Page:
Supercomputers will be the first to benefit as a 4P supercomputer on a desk will outperform current systems requiring the floorspace of a football endzone.  Note that 4P allows supercomputers at different locations to stream data back and forth as if they were a single machine.  As far as 4P is concerned, any number of supercomputers can make a single module no different than the modules  created from several 4P chips in a single system.       


PC’s will naturally evolve as slimmed down supercomputers.  Followed by phones, routers, credit card chips and everything else.  The streaming connectivity make 4P so general and simple.  For example, if you want a very simple 4P chip with no operating system, you don’t need one.  The hardware is no different.  Just program it with the module you design and connect the pins to run it like any other piece of hardware.

Security: Conventional vs 4P

Conventional Security

Conventional Hardware recognizes programs running at different security levels as shown in the image above.  The problem with conventional security is the reality of centralized addressing.  User code downloaded from an untrusted location often requires making system calls at elevated levels of privilege.  A malicious attacker can use these calls to exploit code vulnerabilities that are notoriously difficult to notice until after they are exploited.  With the millions of lines of software running at elevated privilege, modern security is often reactionary rather than deterministic.   


For example, a simple printf() statement can and has used buffer overflow to gain access to protected kernel address space.  Once the attacker can execute instructions at high privilege, the entire system is vulnerable.  With regular OS and device driver updates, it is next to impossible to ensure that all system code is free from security risks.  The truest security is the sheer magnitude of complexity required to unravel the code to exploit the security flaw.  As a result, many modern security experts agree that any machine connected to the Internet has security by obscurity rather than actually being secure.

4P Security

In the age of the Internet, there is no easy answer to system security just like there is no easy answer to home security.  4P is not a magic answer but its’ natural design makes it much simpler to stay secure with significantly less effort.  For example, in your home security would you prefer constant video monitoring with motion control alerts or a daily, 500 page report?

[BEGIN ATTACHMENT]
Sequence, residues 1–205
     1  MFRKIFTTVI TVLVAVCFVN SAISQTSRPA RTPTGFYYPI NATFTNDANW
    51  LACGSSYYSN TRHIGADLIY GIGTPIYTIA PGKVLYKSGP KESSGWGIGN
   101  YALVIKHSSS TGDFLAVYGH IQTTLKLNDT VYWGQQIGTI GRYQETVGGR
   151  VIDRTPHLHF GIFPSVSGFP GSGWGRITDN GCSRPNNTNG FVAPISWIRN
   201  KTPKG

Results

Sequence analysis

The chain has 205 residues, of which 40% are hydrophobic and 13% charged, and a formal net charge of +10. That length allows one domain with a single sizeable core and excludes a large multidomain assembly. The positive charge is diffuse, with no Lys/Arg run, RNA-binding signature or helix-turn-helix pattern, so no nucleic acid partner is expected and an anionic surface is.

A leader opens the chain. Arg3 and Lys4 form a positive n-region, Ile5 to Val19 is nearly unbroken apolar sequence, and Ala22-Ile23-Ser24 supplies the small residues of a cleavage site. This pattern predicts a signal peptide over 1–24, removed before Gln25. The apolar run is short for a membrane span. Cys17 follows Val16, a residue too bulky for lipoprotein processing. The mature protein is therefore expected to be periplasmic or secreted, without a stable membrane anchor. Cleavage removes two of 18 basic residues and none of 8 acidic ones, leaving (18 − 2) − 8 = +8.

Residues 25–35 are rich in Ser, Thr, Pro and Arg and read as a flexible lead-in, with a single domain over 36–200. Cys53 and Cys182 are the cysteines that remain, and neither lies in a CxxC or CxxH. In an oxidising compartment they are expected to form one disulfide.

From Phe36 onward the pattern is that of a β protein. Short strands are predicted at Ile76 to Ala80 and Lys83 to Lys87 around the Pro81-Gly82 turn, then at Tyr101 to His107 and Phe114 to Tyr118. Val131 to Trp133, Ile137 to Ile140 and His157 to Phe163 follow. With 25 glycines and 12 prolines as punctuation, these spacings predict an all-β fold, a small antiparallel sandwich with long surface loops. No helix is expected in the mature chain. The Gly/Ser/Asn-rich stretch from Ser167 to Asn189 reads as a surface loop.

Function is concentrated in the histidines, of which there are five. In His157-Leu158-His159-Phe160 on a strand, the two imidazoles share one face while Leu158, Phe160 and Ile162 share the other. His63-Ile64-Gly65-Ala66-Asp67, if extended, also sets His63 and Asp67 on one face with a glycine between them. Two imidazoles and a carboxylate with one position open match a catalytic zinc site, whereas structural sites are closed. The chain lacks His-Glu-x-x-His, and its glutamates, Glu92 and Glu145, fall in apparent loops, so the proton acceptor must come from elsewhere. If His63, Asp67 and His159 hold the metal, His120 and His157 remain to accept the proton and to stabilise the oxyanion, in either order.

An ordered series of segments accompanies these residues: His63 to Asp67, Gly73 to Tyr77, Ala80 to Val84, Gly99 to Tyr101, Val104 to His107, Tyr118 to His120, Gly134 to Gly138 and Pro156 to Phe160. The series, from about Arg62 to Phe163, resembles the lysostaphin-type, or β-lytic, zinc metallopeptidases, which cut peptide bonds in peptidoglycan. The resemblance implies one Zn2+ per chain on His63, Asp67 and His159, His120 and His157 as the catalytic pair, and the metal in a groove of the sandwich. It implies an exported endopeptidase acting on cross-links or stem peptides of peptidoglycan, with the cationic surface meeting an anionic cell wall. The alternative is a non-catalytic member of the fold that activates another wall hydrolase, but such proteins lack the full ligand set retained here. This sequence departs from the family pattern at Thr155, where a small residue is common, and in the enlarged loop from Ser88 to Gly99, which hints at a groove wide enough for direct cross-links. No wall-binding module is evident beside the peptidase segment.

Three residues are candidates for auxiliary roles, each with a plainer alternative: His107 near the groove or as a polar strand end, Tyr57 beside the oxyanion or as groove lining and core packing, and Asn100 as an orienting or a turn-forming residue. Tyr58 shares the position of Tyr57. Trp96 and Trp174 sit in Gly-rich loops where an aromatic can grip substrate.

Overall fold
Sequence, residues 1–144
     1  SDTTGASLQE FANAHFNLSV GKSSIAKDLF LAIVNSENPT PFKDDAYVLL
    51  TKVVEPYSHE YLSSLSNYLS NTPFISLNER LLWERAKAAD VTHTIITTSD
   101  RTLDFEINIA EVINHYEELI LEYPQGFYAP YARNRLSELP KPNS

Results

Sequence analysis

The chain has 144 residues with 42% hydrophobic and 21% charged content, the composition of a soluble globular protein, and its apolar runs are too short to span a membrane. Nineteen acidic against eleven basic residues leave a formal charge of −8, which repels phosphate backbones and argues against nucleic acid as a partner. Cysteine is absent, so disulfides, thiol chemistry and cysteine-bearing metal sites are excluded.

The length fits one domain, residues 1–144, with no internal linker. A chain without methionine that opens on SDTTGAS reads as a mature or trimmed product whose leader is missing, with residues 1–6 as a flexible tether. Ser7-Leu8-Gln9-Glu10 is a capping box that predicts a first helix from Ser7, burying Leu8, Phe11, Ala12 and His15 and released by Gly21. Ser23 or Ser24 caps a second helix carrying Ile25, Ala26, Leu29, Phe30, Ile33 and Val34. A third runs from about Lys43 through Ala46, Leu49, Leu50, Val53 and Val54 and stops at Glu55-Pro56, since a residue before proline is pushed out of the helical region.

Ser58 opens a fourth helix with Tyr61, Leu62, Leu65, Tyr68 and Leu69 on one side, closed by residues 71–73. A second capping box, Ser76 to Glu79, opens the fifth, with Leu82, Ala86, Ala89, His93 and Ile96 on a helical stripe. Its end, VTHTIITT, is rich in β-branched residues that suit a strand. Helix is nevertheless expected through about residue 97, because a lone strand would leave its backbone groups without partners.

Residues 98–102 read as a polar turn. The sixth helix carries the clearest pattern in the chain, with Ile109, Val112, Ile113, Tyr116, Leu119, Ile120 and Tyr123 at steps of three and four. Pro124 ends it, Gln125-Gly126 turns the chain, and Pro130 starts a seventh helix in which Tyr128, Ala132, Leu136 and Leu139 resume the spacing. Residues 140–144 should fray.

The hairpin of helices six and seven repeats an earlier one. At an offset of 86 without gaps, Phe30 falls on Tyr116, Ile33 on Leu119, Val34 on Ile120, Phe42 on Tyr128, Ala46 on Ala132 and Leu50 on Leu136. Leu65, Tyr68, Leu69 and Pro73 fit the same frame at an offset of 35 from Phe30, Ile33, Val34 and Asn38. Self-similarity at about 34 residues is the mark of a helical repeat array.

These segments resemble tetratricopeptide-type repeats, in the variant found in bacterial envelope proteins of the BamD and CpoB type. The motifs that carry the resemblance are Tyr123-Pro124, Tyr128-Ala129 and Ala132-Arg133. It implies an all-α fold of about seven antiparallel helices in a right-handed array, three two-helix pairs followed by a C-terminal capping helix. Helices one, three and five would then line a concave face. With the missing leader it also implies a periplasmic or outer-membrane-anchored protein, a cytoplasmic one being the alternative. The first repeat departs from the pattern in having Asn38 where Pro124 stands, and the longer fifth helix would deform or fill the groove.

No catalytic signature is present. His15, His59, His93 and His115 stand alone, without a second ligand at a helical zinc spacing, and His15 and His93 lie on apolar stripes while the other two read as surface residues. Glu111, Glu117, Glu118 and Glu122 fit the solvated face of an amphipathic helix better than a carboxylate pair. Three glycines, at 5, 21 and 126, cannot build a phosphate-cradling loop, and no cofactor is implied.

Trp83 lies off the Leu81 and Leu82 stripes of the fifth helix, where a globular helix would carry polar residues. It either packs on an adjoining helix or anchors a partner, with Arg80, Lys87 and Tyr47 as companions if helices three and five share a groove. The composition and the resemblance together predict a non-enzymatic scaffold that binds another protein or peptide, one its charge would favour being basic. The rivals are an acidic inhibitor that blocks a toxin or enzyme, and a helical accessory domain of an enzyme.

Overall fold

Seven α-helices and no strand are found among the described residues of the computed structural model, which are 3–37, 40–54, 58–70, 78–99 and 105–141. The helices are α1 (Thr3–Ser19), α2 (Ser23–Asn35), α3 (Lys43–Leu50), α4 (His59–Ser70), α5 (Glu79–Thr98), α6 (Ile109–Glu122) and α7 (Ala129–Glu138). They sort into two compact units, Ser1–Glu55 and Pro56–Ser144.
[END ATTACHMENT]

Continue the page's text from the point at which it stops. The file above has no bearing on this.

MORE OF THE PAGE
In 4P, security is visual not text based.  You SEE the data moving into and out of areas of high security.  More importantly, each program lives in its own physical location in hardware instead of sharing a single processor.  The physical Control Input pin that programs the Operating System is highly guarded using a secure ROM, USB or secure network connection.  For extremely high security, such as military drones, the Control Input can actually be destroyed thereby ensuring that OS is NEVER altered.    


In conventional systems, security diagrams are just that: diagrams.  In reality, every program runs through the same CPU and moves data out of the same central RAM.  In contrast, 4P programs live in physical areas on the physical silicon.  Layers of security are directly analogous to military perimeter security.  Data lines are validated like visitors entering checkpoints.  


In 4P you don’t see diagrams that logically correlate to hardware execution that is largely unprovable.  You see the actual data physically moving through the real program right where it lives on the hardware.

Latency: Conventional Vs 4P

Conventional Cache Misses Kill Latency

In a conventional processor, when data is has not been recently used it can result in a cache miss that destroys latency.  Deterministic clock timings must either use special hardware or include the cache miss delays or guarantee that data is in the cache.  Including cache miss delays greatly reduces the clock resolution while keeping data in the cache reduces the availability of the processor to do other tasks.  


Worse still, even when including the cache miss delay or keeping the data in the cache there is typically still an “engineering approach" of using what works rather than a logical design that guarantees deterministic clock timings.  While low-latency applications suffer the most, this non-determinism has a cascading effect on all levels of software.  


Thus, software timing is often a matter of trying software on a multitude of hardware and dialing back the load if it bogs down.  This approach leads to one of the greatest computer users frustrations: an unresponsive system.

4P = Exact clock timings

Any 4P module can guarantee clock timings.  For a fixed data size, processing timings can be guaranteed down to a single clock.  This level of clock resolution is naturally present and easily witnessed in 4P.  Run the TSP demo.  The result appears on exactly the same clock every time because there is no guessing and hoping that your data is in the cache.  Trying to accomplish this in conventional processors is sheer fantasy.  In 4P you SEE it.   


Imagine an operating system guaranteeing simple state query responses in under 1000 clocks.  And those occur in parallel for hundreds of thousands of queries from thousands of services.  4P finally makes it possible and practical to guarantee basic, significant levels of responsiveness with every click.

Example: 4P Network Packet Processing

We envision an Internet where internet packet routers use 4P to provide an extra service, typically used for video games, network presentations and Voice over IP (VOIP).  Low Latency Low Bandwidth (LLLB) packets will be specifically designated by clients and separately processed by routers.  This service may incur extra charges, that certain clients will be happy to pay.